Agents Stewart and Coleman then proceeded with the investigation. They contacted the motel and inquired whether a person named Melvin Reynolds had checked in shortly before the call, and were informed that no one had registered in that name. They then asked if anyone had checked in at that time, and were told there was a foreign individual who had arrived named Dapo Adeyeye. The motel clerk further informed them that Adeyeye had paid for the room in cash. The check-in time was consistent with the time that the agents would have expected Reynolds to reach the hotel given his flight time. The agents recognized the name Adeyeye to be of Nigerian origin, but had no information as to the race or ethnicity of Reynolds other than that he was a British citizen. Based on the information before them, the agents decided to proceed to the motel to determine whether the person staying there was Reynolds registering under an alias.
When they arrived at the motel, the manager informed them that Adeyeye had been to the motel previously, and that he requested the same room as the prior occasion. (There was no testimony that Papa had informed the agents that it was Reynolds' first trip to the United States, so the information regarding his prior stay at the motel did not cause them to question whether the traveler was Reynolds.) The room was on the first floor in a more obscure area not visible from the street. The agents proceeded to the room, and knocked identifying themselves as police. They heard muffled sounds inside the room, and after several minutes they knocked again. At that time, they said that if it was an inconvenient time they could come back later. Adeyeye's testimony at the hearing corroborated the agents' testimony regarding the multiple knocks and the offer to return at a later, more convenient time. Adeyeye then opened the door, and they identified themselves as police and asked if they could come in and ask him a few questions. He agreed, and they advanced to the foyer area of the room.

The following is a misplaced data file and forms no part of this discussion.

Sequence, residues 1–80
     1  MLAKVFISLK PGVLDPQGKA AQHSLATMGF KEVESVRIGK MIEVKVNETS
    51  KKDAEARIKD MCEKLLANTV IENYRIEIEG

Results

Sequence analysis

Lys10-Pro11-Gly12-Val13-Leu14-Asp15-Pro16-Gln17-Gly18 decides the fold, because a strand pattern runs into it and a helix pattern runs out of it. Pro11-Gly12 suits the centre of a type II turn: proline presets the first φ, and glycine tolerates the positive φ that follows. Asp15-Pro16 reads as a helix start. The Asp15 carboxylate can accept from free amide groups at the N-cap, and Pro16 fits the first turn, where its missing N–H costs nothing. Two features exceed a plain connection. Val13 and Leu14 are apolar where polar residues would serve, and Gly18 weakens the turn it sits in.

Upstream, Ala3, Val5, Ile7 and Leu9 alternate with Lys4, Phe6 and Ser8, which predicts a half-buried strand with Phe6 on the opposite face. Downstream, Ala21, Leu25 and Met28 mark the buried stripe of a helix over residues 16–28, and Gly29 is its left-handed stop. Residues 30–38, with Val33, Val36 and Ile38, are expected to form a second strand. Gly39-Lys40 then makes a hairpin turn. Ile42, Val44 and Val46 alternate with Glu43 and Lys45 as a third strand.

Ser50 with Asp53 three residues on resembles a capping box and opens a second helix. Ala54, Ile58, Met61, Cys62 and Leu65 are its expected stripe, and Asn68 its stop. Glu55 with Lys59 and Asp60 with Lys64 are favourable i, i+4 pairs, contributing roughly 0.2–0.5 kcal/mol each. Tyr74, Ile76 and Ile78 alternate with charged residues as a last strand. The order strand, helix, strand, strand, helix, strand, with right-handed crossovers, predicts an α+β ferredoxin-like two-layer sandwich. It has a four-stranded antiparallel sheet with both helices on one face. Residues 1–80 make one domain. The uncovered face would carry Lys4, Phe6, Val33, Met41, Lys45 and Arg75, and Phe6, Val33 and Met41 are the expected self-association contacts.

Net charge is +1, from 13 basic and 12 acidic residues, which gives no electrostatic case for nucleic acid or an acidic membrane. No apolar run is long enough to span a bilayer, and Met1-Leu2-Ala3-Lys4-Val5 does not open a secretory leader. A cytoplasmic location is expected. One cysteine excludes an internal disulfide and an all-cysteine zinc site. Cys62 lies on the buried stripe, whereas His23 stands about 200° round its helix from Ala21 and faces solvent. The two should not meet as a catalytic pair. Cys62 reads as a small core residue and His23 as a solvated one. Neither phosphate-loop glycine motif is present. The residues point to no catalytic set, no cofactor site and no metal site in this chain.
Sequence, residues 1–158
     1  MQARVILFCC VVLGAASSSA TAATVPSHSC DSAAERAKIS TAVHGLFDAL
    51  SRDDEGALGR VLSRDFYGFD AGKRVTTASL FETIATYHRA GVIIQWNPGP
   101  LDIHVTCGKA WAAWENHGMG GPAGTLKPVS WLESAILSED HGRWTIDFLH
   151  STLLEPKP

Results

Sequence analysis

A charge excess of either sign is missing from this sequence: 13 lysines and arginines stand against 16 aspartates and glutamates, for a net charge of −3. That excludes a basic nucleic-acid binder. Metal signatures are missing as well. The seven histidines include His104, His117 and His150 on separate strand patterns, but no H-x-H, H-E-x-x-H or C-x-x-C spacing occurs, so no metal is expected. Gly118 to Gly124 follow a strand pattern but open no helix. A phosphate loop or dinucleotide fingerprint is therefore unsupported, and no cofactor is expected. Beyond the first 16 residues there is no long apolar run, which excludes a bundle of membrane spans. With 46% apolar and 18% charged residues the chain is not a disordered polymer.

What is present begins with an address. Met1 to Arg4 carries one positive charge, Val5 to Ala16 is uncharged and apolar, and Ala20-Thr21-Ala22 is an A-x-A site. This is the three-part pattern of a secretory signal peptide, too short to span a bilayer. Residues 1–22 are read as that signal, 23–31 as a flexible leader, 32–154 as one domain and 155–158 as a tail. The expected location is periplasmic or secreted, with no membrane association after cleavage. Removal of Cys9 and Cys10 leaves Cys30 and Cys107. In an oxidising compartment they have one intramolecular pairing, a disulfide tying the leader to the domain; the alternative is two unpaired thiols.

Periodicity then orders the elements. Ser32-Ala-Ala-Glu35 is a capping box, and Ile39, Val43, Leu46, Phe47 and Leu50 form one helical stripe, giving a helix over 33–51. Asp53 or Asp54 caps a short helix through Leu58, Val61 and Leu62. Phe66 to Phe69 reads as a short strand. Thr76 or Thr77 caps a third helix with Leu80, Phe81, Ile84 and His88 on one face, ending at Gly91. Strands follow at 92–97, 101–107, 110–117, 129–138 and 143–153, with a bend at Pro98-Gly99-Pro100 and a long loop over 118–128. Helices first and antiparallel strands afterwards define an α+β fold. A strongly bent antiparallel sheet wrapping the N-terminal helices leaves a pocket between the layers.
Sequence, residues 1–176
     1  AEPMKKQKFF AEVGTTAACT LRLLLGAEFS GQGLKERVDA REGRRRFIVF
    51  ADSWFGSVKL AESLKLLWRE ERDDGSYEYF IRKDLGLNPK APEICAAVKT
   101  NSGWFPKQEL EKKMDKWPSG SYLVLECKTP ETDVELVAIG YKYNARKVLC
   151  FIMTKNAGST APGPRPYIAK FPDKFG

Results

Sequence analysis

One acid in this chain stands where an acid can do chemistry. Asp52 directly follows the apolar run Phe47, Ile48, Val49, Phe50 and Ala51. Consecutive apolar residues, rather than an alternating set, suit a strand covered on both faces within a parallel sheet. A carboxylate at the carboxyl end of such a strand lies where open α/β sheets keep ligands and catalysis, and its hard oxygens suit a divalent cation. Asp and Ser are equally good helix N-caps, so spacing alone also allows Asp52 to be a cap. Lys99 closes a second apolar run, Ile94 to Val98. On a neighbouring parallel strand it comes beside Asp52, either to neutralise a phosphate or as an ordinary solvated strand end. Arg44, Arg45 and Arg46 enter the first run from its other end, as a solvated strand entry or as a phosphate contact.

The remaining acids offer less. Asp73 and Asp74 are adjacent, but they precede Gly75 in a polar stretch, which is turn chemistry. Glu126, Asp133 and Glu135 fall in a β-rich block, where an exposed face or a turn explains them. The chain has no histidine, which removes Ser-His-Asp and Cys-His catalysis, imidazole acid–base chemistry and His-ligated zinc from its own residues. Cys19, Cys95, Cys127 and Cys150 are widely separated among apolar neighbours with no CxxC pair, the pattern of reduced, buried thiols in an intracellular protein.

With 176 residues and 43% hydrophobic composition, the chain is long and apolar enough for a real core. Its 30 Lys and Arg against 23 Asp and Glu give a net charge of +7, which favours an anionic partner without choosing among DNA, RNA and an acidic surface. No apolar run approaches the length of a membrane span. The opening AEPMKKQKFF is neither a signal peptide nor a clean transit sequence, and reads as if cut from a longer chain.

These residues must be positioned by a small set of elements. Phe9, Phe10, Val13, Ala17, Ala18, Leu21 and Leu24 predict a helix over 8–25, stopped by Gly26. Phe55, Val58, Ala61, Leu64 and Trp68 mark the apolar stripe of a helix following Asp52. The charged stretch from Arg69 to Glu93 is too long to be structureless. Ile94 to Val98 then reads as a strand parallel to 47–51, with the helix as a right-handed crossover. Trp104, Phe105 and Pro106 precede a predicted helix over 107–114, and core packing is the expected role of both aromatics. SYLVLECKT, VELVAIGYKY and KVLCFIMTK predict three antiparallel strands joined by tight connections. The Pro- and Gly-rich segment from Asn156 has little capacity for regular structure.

The defendant identified himself as Dapo Adeyeye and stated that he had flown into Chicago from New York. In response to questions, he said he did not have any identification with him, and that he did not have his airline tickets because he discarded them at the airport. He further responded that he had some money with him, but no weapons or narcotics. From their vantage point in the room, the agents could see zip-lock sandwich bags on the bed and noticed that Adeyeye was very tense and rigid. They asked him whether he would consent to a search of his belongings, and he responded in the affirmative. In the luggage on the bed, the agents discovered thirteen packages of white powder wrapped in plastic wrap. One agent, upon seeing the packages, asked "what is it?" and Adeyeye answered that it was heroin. Adeyeye was then placed under arrest and given his Miranda warnings. He then provided additional information to them, including a statement that his prior stay at the motel was to smuggle heroin, and that the amount was greater on that occasion. The search of the motel room revealed a scale, a ledger which correlated with the packages of heroin found, and a picture of a woman who Adeyeye identified as a drug courier. They also found an Amtrak train ticket issued the previous day for New York to Chicago, indicating that he had traveled by train rather than by plane as he had indicated. The agents also discovered identification in the name "Dapo Adeyeye." As it turns out, Adeyeye had no relationship to Reynolds, but had the misfortune of checking in at a time consistent with the trail left by Reynolds.